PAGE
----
Saturday, February 23, 2019

Kenya Day 5 - Porini Mara

We had a bit of a sleep in day today since Breakfast wasn't until 6:30AM.  It was very nice as usual and we were all ready at 7:30AM when the plane landed to deliver new arrivals and take us on to Porini Mara.

Of course, Kilimanjaro chose today to reveal itself and I really didn't get any pictures I liked except this one with our plane in the foreground.

Kilimanjaro is Out

Unfortunately, there are no direct flights between camps typically.  So, that means flying back to Wilson in Nairobi and then flying to another camp from there.  The flight back to Nairobi was fine and the people at the Wilson airport took great care of us again.  We were notified that we would need to change planes to get to the Ol Seki airstrip which serviced Porini Mara.  Two quick but hot, stuffy, and a little nauseating flights later we finally landed.  The air didn't work on either of the flights which made them a bit uncomfortable.

Our "layover" was at the Keekorok Airstrip where we got a chance to see the "terminal" before boarding our next flight:

Airport terminal at our layover

Time to switch planes

Waiting for us at the Ol Seki airstrip were a couple Porini Lion representatives.  Unfortunately, they stopped the vehicle just after picking us up to talk about Porini Mara and just then the plane took off and shot a cloud of dust all over us.  They apologized profusely but it wasn't their fault and was really the only thing negative that happened our whole stay.

On the way to the camp I did get a look at our first Red-headed Rock Agama:
Red-headed Rock Agama

And it gave us a chance to enjoy some of the beautiful scenery.

Cautious Drinking

Topi in the shade:
Topi Seeking Shade

Gorgeous Trees

Porini Mara is located in the Ol Kinyei Conservancy. But, because Porini helped consult in the creation of the Naboisho Conservancy next door, Porini guests are able to take safaris in either conservancy which is a huge bonus. In fact, for most of our stay I had no idea which conservancy we were in when we were driving around.  The only exception was when we were near the airstrip, which is located in the Naboisho Conservancy.

Here is a map that shows these two conservancies plus the Olare Motorogi Conservancy where Porini Lion is located which will be our last camp:

The camp itself is located in an extremely picturesque setting with huge trees all around.  There is also a small river that flows around part of the camp that attracts wildlife.  In fact, Jimmy, the camp manager, showed us some trail cam shots of a lion kill that happened the previous week right next to our tent.  He also showed us photos of the hippo that likes to roam the camp at night.  So, those are good reasons why you can't leave your tent at night without a Masai escort.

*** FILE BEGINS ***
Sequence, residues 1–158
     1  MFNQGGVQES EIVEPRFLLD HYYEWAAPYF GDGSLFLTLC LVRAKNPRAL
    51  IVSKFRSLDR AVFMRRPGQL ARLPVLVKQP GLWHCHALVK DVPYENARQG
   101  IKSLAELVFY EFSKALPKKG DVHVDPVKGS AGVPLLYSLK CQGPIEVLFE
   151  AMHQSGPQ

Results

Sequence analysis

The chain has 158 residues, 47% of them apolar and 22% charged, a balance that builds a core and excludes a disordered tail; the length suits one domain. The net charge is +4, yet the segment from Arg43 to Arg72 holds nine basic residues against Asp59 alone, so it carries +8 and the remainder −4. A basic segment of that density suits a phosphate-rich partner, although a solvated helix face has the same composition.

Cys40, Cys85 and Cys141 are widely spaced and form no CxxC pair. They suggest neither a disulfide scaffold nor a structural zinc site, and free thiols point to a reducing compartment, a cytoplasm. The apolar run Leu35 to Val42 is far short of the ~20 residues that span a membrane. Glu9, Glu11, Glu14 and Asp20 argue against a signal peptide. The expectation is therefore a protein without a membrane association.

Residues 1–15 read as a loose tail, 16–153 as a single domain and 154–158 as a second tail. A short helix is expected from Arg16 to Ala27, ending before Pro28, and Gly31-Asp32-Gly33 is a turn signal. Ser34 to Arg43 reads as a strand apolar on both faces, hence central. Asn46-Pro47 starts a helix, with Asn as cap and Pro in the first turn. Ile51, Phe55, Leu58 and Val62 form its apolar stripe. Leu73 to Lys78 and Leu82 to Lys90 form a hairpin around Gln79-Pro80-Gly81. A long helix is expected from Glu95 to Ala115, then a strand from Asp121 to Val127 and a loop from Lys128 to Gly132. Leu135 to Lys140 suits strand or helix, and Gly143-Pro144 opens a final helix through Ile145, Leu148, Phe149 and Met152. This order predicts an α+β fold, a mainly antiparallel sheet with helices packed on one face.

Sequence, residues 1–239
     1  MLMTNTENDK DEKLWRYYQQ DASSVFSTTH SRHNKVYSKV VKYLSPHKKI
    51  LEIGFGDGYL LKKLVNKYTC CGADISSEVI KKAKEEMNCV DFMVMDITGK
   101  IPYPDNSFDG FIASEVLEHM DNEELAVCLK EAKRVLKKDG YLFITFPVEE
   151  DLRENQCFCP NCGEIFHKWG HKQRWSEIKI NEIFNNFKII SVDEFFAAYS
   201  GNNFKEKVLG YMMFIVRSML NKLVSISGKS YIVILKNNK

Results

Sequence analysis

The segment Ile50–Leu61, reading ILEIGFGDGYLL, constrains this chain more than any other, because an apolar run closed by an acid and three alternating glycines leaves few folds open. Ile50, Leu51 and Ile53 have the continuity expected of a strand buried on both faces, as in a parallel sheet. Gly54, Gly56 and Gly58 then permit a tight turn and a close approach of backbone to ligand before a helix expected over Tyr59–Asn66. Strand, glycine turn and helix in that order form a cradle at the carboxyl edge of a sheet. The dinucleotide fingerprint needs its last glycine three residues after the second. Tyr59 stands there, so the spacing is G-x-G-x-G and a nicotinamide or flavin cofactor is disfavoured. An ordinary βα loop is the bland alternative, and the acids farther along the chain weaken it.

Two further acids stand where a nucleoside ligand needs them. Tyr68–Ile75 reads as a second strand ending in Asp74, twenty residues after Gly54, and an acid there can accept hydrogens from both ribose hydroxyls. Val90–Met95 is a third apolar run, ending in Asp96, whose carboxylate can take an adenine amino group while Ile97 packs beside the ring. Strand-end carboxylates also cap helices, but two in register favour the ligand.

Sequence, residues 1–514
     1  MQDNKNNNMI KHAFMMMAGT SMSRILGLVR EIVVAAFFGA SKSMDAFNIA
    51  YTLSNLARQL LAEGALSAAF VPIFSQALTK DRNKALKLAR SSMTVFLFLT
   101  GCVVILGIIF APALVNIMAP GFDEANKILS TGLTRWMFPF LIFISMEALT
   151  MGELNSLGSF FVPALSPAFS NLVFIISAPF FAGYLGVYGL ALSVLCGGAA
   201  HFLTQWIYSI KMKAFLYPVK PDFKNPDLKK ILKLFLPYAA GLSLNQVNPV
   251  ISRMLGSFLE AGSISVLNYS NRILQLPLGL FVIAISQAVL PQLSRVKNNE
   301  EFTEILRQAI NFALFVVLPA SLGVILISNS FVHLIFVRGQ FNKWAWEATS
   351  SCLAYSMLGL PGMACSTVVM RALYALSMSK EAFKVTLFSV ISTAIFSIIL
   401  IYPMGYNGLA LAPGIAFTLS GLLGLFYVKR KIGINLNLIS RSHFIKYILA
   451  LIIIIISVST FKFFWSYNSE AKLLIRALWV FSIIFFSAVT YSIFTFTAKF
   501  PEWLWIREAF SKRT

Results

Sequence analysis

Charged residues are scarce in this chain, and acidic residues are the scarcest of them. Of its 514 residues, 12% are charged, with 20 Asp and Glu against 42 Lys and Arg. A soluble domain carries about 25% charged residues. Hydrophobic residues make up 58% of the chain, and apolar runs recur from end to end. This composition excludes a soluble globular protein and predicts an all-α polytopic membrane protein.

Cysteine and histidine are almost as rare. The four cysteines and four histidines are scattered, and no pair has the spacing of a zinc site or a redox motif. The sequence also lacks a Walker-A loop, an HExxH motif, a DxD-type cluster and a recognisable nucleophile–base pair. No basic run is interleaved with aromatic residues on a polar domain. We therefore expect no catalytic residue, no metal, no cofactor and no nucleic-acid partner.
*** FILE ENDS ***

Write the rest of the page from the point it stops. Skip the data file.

We were housed in a family tent that had a common area separating the two sides.  While this really wasn't much of an issue it's not what we were expecting given the prices we paid.  But, the camp was full so we went with the flow.  It was impossible not to make noises heard across tents but luckily Tim and Andrea weren't bothered that we had earlier wake up calls than they did.  It's tough getting these aging bodies to wake up for the day...

Our half of the tent:
Our half of the tent

Our "Room":
Porini Mara Tent

En-suite bath:
Porini Mara Bathroom

I know you were hoping to see another picture of a toilet, but alas I didn't take one at this camp (photo, not something else).  Sorry, that's my attempt at "potty humor".

To partially make it up to you, here is the only photo of a bucket shower that I took.

Bucket Shower

Incidentally, the bucket showers were really not a problem.  Tim ran out of water once and so did I (We weren't in the same shower at the time...).  This was likely because we typically let our wives shower first because all we do is make daily sacrifices for them...

But, I have to say that my first "real" shower after the trip was extra long!

The common room between our halves of the tent:
Common Room

Porini Mara Dining Tent/Lounging Area:
Dining Tent

Camp Grounds:
Porini Mara Tent

Porini Mara

Fire Pit

We had our first lunch at this small table outside which was quite nice:
Outside Eating Area

The first wildlife we saw around the camp were these cute little Vervet Monkeys.  They look very innocent don't they...